A military criminal investigation resulted in the arrest in August of a number of soldiers on suspicion of killing Pascal Kabungulu. However, shortly afterwards, the men were illegally freed from prison at gunpoint by the then commander of the Bukavu military garrison, Colonel Thierry Ilunga. He had openly threatened to kill Pascal Kabungulu in 2003 after Héritiers de la Justice had accused him of organizing illegal mineral exploitation in South-Kivu.


After national and international protests, the suspects were returned to prison and appeared before a military tribunal in November 2005, but the trial was halted after testimony was heard which appeared to directly implicate Colonel Ilunga in the killing. The court placed Colonel Ilunga under arrest and ordered the transfer of the trial to a higher military court with jurisdiction over senior army personnel. Officials involved in the trial, which lasted little more than two weeks, complained of threats and political interference.


Since then, no new trial has begun. Despite the charges against him, Colonel Ilunga was released after spending less than a day in custody and was later promoted to serve as a brigade commander in the unified national army, the FARDC.


Please write, calling for the prompt resumption of the trial against those suspected of involvement in the July 2005 killing of Pascal Kabungulu Kibembi. Urge that the trial meets international standards of fairness and that the possibility of the death penalty be excluded. Call for Colonel Thierry Ilunga to be suspended from duty pending completion of the trial.


Send appeals to: M. Chikez Diemu, Ministre de la Défense Nationale et des Anciens Combattants, Ministre de la Défense, Kinshasa, Democratic Republic of the Congo. Salutation: Dear Minister


[Picture caption: Pascal Kabungulu Kibembi © Héritiers de la Justice]


Act now to protect civilians displaced by war in Darfur


In Darfur, millions of civilians continue to suffer the consequences of the conflict. In addition to 2 million internally displaced, tens of thousands have been forced from their homes in the past couple of months. Many have fled to neighbouring Chad.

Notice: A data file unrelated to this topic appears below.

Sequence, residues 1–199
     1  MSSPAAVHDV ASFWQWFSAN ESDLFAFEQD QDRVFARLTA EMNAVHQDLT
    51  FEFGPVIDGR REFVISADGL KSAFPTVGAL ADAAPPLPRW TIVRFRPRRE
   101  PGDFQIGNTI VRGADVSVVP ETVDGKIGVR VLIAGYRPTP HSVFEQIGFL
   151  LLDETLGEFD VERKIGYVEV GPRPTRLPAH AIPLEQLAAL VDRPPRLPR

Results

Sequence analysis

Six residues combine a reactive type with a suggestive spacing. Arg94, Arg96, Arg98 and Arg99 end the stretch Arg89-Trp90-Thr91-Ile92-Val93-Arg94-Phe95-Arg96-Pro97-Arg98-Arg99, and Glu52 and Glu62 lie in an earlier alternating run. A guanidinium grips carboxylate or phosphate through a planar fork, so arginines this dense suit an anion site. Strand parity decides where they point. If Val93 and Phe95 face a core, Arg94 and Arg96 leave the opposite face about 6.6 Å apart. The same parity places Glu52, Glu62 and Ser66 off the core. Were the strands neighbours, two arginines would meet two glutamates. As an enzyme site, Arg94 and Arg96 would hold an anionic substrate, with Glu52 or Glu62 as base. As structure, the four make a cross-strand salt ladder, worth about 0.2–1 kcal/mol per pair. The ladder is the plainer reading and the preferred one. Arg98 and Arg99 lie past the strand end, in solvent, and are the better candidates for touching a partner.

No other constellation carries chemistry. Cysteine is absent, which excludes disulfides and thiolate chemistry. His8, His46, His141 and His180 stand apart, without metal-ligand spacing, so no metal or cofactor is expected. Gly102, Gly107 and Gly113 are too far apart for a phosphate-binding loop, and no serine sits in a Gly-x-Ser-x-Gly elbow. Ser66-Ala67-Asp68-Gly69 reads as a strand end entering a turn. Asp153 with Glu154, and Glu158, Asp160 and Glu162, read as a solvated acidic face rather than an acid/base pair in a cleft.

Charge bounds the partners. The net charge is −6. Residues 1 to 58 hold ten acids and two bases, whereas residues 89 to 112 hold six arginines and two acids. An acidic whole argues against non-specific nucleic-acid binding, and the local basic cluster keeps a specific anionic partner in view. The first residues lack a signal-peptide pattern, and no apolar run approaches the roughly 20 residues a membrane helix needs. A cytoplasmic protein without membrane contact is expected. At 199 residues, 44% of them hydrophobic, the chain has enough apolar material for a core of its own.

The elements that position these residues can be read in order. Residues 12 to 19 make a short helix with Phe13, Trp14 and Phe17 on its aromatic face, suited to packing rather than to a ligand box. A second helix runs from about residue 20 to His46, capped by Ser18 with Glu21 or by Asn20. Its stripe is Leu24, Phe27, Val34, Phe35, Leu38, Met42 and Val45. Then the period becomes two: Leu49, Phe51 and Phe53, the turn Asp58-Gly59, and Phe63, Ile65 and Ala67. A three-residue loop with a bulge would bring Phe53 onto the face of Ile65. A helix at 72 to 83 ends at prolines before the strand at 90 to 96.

In a recent meeting with Amr Musa, Secretary General of the League of Arab States, AI’s Secretary General, Irene Khan, discussed the need to deploy international peacekeepers to Darfur to protect civilians and strengthen the arms embargo.


AI is calling on Sudan’s government to facilitate the immediate and full deployment of a joint African Union and UN peacekeeping force to contribute to the protection of civilians in Darfur.


Arrest Now!


On 27 April the International Criminal Court (ICC) issued arrest warrants for government minister Ahmad Harun and Janjawid leader Ali Kushayb. They are accused of crimes against humanity and war crimes committed in Darfur, Sudan, including murder, rape and torture. The Sudanese authorities have refused so far to allow them to be tried by the ICC. (See the WireApril 2007).


Take action on International Justice Day, 17 July. Join AI’s letter-writing action to ensure that those accused of the worst human rights violations are brought to justice.


Please write to the Embassy of Sudan in your home country, calling on the authorities to arrest Ahmad Harun and Ali Kushayb and surrender them to the ICC.


Sudanese Embassy addresses can be found at: http://www.sudan.net/government/embassy.html


Sign AI’s Global Petition


AI launched a Global Petition on 12 June, urging the government of Sudan to:

  1. accept and facilitate the immediate and full deployment to Darfur of the joint African Union and UN peacekeeping force

  2. take all effective measures to disarm the Janjawid and respect the UN arms embargo

  3. immediately halt indiscriminate attacks against civilians

  4. co-operate with the International Criminal Court and hold those responsible for human rights violations accountable through fair trials and without applying the death penalty.

par

Sign the petition at www.amnesty.org/noise



AI launched a double CD, featuring more than 20 John Lennon songs, to mobilize millions

in response to the human rights catastrophe in Darfur. More than 30 world-class musicians have interpreted and re-recorded the song of their choice to bring listeners into the world of human rights activism.


Yoko Ono generously granted the publishing rights to Lennon’s entire solo songbook to AI, to use as the centrepiece of this project. The CD, Make Some Noise: The Campaign to Save Darfur (labelled Instant Karma: The Campaign to Save Darfur in the USA), was released in June. All tracks are available as digital downloads on iTunes and other major providers. The artists – who come from the worlds of rock, pop, hip-hop and country – include U2, R.E.M., Christina Aguilera and The Flaming Lips.